Thursday, November 24, 2005

 

Best of the Season

With Thanksgiving Day here, the Christmas Season has officially begun. What a great excuse for me to list the best Hollywood has given us in seasons past. These films -- listed in ascending order -- should all be seen, at some point, during the month of December, preferably with someone you love.
5- A Christmas Story (1983) - For Christmas films to become worthy Christmas traditions, they must do one thing -- stand the test of time. The same holds true for Christmas songs. New ones may have now nudged out older ones on the radio, but it's taken many of them at least a decade to earn that status. A Christmas Story sort of came and went when it was released (as hard as it is to believe) 22 years ago, but thanks to repeated showings on cable, it has had time to slowly simmer, like a Thanksgiving turkey, and is as important to the Christmas season any of the films further up on this list. Its sense of nostalgia and keen attention to period detail makes it feel like a much older film, which works in its favor. No film has ever expressed the anticipation of Christmas through the eyes of a child better than this one.
4- The Polar Express (2004) - Not yet time-tested, but what a ride! This groundbreaking animated film soared onto screens last year, taking a well-liked children's Christmas book and making into a breath-taking experience for children and adults alike. On the edge of disbelief, children from all walks of life, are invited to take a ride on an express train to the North Pole, on Christmas Eve, and regain their faith in the holiday. Time will tell, but I'm betting this one becomes a classic.
3- A Christmas Carol (1951) - This story by Charles Dickens has been filmed so many times, but none before or after this version, with Alastair Sim as Scrooge, has come close to conveying the kind of redemptive power this story possesses. Nor has there ever been a better portrayal of Scrooge than Sim's. All at once, this movie shows how lonely for some, and still how magical, Christmas Eve can be for those who have lost the spirit of the holiday (but are willing to regain it).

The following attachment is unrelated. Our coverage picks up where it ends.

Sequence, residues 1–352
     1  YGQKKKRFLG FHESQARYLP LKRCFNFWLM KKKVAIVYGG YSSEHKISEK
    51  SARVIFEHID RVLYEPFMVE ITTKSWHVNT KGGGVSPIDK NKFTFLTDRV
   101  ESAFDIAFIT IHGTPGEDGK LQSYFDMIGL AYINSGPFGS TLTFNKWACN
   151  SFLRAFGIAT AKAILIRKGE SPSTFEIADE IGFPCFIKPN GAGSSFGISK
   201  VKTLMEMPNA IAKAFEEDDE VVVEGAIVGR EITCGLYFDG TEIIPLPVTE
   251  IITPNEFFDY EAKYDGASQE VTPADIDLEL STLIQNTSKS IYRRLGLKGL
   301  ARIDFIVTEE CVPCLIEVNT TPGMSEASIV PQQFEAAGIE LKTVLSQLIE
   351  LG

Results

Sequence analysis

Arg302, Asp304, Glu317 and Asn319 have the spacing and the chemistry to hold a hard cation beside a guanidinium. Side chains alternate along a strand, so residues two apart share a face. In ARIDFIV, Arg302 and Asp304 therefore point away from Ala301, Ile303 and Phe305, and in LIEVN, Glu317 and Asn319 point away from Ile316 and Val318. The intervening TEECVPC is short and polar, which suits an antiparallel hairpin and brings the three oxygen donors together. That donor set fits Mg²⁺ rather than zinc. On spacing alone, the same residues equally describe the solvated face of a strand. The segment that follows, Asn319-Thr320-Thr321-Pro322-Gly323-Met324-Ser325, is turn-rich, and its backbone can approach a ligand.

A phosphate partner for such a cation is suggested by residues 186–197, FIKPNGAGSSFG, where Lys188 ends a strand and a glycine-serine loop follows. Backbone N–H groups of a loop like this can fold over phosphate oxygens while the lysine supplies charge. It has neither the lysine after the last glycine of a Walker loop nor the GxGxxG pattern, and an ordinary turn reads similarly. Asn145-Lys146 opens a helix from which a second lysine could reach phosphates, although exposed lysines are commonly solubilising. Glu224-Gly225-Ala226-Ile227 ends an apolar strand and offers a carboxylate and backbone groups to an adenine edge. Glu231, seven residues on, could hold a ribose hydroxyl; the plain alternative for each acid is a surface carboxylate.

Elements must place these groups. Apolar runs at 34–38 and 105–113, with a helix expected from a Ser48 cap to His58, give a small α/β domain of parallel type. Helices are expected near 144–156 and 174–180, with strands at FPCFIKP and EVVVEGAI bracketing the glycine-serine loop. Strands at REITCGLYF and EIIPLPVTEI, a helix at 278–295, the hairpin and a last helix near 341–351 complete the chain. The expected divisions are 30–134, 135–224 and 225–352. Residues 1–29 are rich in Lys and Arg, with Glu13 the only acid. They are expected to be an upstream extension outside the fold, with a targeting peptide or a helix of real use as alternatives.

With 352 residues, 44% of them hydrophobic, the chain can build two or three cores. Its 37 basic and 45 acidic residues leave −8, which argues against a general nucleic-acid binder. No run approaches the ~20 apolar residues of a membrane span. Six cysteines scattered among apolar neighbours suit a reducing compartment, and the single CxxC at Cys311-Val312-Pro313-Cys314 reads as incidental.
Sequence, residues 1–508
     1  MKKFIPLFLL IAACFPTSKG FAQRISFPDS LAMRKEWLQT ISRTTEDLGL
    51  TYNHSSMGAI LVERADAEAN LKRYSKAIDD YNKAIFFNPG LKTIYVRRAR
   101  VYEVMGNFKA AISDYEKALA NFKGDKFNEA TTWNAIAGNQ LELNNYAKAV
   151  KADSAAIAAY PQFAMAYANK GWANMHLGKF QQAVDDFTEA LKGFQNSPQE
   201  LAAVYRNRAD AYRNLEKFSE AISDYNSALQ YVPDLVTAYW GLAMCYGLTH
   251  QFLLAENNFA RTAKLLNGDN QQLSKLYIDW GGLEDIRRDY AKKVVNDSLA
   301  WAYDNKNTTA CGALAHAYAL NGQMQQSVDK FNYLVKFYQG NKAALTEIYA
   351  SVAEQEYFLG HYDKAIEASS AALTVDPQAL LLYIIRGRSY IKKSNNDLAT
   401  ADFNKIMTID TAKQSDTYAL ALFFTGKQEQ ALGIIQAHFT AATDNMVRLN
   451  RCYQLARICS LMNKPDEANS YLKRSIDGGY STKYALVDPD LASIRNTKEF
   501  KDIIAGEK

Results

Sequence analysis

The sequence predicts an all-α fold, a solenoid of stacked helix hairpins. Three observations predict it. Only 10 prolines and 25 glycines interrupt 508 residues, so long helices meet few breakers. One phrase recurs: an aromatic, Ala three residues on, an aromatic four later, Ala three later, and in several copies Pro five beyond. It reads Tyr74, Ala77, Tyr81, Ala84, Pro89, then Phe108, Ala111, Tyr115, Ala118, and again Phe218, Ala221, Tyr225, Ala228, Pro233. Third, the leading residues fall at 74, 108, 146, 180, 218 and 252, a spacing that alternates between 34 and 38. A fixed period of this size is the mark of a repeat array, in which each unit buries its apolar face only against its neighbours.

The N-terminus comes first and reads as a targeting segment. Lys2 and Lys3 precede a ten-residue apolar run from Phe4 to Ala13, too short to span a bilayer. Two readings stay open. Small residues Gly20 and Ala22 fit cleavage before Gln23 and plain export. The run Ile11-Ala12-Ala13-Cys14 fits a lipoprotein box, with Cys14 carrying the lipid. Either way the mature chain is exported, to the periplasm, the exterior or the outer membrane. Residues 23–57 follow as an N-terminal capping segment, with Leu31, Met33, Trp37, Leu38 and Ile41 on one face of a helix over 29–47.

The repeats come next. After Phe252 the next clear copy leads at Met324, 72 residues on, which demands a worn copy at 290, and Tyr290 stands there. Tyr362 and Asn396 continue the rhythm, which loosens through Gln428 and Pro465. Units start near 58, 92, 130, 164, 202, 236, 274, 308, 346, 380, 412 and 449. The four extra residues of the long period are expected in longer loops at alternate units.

2- It's a Wonderful Life (1946) - Like A Christmas Carol and The Polar Express (and numerous other Christmas movies), the magic of Christmas Eve is central to this story of a man who is ready to kill himself because he thinks his life is worthless. A more recent film entitled Noel, directed by Chazz Palminteri, puts me in mind of It's a Wonderful Life. Like this film, characters, filled with desperation, are affected on Christmas Eve in ways that change their lives. I have said before that It's a Wonderful Life is my all-time favorite film and it is. And it certainly would hold the top spot on this list as well if it were not for...
1- Miracle on 34th Street (1947) - In the nearly 60 years since this film has been released, it remains, simply, the quintessential Christmas movie. Forget the remakes that followed. Never has there been a more brilliant tale of Christmas faith than this film. Is a man, who fills in last-minute for the Macy's department store Santa actually the real Santa Claus, as he claims or a kindly old delusional gentleman? There is a scene in this film that fills my eyes with tears each time I see it. I respect the film for its intelligent approach to the subject matter, and the convincing way in which it pulls us in, until we believe too.

Comments:
What about "The Greatest Christmas Pageant Ever"? And even though it is not a movie....the original "Grinch who stole Christmas"
 
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